Kottler, who served on a Florida Hospital Association task force that addressed effective communication a few years ago, lists four questions used by the Department of Justice to help decide when interpreters or special equipment—such as VRI machines or amplification—are required:
- What is the purpose of the communication?
- What is its expected length?
- How many people are involved?
- What is the depth or complexity of the exchange of information?
“The ADA requirements apply not only to conversations regarding clinical information but also to discussions involving topics like admission, billing, insurance, and special needs (such as dietary requirements),” Kottler says. Thus, the staff in practically every department that deals with the public must be conscious of when a person has hearing problems and then must determine how to make the communication effective.
Kottler says there are several lessons to be gleaned from the Silva case.
Provide equal services. Persons with disabilities may not be denied services or treated differently than other persons because of the absence of auxiliary aids and services. Thus, for the hearing impaired, the healthcare organization must provide qualified on-site or VRI interpreters, written materials, telephone handset amplifiers, assistive listening devices, open and closed captioning, or other appropriate methods. It is also the hospital’s responsibility to train staff to use the equipment properly, he says.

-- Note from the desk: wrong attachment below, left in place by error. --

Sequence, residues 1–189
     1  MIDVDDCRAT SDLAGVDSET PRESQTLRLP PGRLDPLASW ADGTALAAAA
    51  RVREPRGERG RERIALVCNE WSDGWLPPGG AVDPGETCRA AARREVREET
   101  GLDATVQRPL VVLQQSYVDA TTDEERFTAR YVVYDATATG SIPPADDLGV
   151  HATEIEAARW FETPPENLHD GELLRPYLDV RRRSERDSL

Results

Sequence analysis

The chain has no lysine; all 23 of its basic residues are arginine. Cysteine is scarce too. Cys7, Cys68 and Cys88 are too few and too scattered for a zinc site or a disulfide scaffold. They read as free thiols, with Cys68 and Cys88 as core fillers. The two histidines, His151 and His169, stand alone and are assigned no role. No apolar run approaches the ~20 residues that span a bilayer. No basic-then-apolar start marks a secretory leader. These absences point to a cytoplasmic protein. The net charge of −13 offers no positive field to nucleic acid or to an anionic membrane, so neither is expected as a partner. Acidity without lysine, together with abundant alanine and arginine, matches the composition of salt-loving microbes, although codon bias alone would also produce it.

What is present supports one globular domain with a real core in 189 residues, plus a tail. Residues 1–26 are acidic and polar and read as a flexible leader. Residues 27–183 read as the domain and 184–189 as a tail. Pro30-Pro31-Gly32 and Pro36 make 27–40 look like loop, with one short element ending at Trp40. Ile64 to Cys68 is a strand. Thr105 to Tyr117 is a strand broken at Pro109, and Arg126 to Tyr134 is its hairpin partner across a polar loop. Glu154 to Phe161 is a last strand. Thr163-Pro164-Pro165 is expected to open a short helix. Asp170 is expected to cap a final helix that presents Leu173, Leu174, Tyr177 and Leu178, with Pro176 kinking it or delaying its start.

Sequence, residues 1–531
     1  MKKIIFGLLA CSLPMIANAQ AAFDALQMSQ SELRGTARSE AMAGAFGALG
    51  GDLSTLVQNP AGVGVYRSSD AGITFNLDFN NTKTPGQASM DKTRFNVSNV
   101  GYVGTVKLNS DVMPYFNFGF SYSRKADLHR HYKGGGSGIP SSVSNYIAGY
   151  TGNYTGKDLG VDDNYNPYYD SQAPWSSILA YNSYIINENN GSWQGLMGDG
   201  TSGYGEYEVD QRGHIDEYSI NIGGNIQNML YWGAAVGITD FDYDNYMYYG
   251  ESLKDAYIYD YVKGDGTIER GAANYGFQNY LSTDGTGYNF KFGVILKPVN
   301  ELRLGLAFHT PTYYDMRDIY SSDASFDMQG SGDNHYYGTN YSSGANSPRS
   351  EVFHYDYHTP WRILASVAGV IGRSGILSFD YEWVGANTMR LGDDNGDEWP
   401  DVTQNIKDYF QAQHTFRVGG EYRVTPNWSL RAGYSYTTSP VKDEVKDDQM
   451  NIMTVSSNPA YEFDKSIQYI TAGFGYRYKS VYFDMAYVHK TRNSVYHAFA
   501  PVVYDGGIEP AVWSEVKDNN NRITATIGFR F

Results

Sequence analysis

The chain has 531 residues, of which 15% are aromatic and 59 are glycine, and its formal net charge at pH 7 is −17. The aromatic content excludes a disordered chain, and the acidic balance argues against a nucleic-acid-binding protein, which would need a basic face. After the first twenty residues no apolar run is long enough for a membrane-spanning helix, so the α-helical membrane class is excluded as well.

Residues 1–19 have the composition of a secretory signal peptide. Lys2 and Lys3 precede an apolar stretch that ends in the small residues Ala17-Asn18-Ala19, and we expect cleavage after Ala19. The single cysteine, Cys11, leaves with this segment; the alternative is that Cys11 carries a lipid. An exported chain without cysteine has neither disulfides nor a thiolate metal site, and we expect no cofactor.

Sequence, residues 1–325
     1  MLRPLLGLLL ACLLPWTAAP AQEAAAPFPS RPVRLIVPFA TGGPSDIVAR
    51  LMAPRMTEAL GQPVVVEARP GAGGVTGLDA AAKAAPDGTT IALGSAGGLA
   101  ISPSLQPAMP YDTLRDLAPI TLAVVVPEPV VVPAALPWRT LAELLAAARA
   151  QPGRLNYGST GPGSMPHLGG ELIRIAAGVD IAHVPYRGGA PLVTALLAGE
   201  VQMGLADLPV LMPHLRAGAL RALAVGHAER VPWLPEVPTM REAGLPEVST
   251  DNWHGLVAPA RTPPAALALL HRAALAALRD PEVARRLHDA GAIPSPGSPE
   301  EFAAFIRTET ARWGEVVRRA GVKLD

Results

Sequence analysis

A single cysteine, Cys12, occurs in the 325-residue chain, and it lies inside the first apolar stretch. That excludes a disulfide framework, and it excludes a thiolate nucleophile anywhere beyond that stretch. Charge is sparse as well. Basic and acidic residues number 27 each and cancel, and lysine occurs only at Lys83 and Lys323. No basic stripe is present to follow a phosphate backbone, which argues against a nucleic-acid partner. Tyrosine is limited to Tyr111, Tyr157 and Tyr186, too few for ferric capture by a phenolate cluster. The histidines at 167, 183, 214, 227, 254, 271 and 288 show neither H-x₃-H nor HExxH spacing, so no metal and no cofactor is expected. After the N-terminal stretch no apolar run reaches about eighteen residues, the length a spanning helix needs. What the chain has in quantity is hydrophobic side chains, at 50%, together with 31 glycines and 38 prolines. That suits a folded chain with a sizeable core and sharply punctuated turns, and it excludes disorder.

Extend assistance to patient companions. The obligation to provide effective communication relates not only to patients but also to their companions who have disabilities. A “companion” means family members, friends, or associates of patients with whom it is appropriate to communicate about patients’ care, finances, and other matters.
Ensure effective communication. As noted earlier, the types of auxiliary aids or services necessary to ensure effective communications will vary according to the communication methods used by the individual; the nature, length, and complexity of the communications involved; and the contexts in which the communications take place. Patients or companions can be asked what type of auxiliary aids they need, but the ultimate decisions on what measures to use rests with healthcare providers, as long as the methods are effective. The 11th Circuit confirms this, saying, “A patient is not entitled to an in-person interpreter in every situation, even if he or she asks for it. The hospital ultimately gets to decide, after consulting with the patient, what auxiliary aids to provide. But whatever communication aid the hospital chooses to offer, the hospital must ensure effective communication with the patient.” (Emphasis added.)
Ensure participation. Finally, Kottler says “no harm, no foul” does not apply in these cases, and the court agrees. It held, “[R]egardless of whether a patient ultimately receives the correct diagnosis or medically acceptable treatment, that patient has been denied the equal opportunity to participate in healthcare services whenever he or she cannot communicate … relevant information effectively with medical staff. It is not dispositive that the patient got the same ultimate treatment that would have been obtained even if the patient were not deaf.”